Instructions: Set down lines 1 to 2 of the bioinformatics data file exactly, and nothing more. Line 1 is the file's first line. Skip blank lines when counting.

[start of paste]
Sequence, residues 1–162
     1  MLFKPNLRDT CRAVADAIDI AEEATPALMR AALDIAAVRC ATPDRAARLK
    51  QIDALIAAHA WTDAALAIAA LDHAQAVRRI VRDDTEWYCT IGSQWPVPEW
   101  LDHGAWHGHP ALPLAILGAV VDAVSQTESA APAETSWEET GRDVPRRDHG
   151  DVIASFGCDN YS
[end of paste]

Sequence, residues 1–162
     1  MLFKPNLRDT CRAVADAIDI AEEATPALMR AALDIAAVRC ATPDRAARLK